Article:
I started using Paint because there was nothing else (well actually there was Banner and others even before the Internet and Windows but I won’t talk about my techie past as it is boring as hell) but when finally the applications started emerging everywhere, there were several choices.

    Illustrator, Photoshop, Fireworks (I particularly use this one since it was on Macromedia and from the early versions) and so many others.

    On the other hand, I have this huge mental problem (LOL but it’s real!) with stuff that is not aligned perfectly.

    I can’t stand GIMP because everything is floating around, the same reason I can’t stand Mac OS and everything else that just floats anywhere.

    You’ll be surprised to turn on my Macbook because the first thing you would see is the Windows Logo loading. LOL

    Anyway, I enjoyed a LOT this post Steve, it is PACKED with great information like all your posts, sorry to write so much, I haven’t updated my site so I guess I just used your site for it haha

    Take care and speak soon!!


    PS. Keep making videos man, I can see you creating even more professional stuff VERY soon!

    P.P.S. Thanks for the recommendations for Spain, I visited Madrid and Barcelona and fell in love with those places!

    • Thanks for a great comment, Sergio. I hope I am slowy “Forrest Gump(ing)” my way towards having some decent skills. It is definitely a case of “If I can do it you can too, because I do not have any expertise in this” so hopefully people will take on the good stuff.

      For graphics, first of all I don’t have a MAC (may go that way someday) but I hear all the best graphics programs are over there. (or maybe it is because all artistic people have macs… what came first the chicken or the egg?)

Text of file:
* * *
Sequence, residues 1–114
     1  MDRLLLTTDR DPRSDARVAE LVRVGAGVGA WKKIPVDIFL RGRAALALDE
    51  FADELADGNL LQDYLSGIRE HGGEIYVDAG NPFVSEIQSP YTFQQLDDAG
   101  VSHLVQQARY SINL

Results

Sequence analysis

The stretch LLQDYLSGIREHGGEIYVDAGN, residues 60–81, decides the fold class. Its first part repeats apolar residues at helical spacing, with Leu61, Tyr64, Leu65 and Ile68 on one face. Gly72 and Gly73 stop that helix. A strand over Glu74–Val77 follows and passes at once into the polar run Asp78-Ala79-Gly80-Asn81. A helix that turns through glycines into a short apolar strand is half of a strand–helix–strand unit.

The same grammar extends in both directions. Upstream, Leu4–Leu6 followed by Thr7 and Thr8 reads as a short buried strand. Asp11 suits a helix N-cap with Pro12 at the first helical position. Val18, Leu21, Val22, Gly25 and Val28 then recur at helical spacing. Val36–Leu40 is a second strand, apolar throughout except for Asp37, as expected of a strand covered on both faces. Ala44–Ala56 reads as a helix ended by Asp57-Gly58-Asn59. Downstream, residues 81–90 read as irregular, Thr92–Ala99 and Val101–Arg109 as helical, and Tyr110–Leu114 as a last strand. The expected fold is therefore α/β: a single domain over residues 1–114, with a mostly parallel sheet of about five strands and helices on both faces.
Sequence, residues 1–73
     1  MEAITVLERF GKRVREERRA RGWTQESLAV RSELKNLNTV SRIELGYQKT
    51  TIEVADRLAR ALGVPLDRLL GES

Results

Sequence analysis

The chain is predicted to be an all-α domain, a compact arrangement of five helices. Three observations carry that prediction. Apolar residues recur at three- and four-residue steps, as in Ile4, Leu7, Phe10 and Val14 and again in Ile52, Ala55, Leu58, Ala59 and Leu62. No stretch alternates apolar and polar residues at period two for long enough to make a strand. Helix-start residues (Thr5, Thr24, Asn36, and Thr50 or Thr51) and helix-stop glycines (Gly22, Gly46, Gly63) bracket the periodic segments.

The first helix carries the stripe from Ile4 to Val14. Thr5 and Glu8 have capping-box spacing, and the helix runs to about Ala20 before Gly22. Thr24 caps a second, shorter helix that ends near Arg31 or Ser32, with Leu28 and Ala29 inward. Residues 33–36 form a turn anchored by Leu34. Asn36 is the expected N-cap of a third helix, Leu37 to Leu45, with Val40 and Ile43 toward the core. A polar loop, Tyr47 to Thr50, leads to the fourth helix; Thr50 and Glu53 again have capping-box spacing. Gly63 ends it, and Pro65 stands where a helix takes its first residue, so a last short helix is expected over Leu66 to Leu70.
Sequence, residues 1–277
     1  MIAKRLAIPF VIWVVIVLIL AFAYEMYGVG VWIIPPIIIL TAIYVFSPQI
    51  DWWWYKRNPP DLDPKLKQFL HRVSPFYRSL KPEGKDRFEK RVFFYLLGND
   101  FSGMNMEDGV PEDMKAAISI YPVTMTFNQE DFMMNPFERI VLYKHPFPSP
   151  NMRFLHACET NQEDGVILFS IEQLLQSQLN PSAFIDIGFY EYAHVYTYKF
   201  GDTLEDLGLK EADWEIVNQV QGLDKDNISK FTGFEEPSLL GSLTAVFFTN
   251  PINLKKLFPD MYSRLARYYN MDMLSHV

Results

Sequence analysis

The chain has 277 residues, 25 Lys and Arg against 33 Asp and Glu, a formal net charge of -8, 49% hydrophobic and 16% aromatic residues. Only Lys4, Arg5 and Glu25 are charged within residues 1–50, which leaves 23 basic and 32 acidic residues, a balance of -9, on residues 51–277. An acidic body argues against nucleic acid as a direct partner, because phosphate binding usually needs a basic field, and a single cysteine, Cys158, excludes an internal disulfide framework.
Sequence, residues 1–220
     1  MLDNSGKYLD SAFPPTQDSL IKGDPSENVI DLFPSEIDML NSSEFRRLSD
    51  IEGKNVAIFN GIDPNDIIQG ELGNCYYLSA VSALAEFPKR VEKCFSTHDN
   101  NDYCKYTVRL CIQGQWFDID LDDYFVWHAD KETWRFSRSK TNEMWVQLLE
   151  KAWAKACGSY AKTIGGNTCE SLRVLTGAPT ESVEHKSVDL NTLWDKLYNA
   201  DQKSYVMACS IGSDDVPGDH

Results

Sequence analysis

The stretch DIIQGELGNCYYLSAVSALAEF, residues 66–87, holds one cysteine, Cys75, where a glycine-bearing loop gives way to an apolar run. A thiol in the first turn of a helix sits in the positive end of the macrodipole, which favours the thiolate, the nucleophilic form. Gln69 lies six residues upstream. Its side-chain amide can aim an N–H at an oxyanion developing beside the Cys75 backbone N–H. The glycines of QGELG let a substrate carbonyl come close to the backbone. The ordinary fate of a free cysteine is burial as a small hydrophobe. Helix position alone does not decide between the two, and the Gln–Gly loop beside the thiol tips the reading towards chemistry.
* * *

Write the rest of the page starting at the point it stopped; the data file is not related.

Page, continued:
Anyhow, I think illustrator and photoshop are still alive and kicking. It is just that they have become so damn powerful that they are really professional tools now. I look at them and have no idea how to do the simple little things

      • Gonna tell you a little secret… I have no idea how to use those design tools anymore either! LOL

        I think that’s why I like Fireworks so much now, it is still so easy and intuitive to use and doesn’t have hundreds of buttons everywhere, the bad thing is that it is a bit expensive.

        You had me rolling with your second paragraph man and just for the record, I bought a mac because I couldn’t stand all the buzz about Macs and had to experience it by myself.

        I can tell you I was NOT impressed but I used it to defend my thesis in university and at the time, people in the room WERE impressed just by the computer alone LOL

        I still do all my main work in PCs so don’t feel any urge to get one (a mac), you’re not missing much!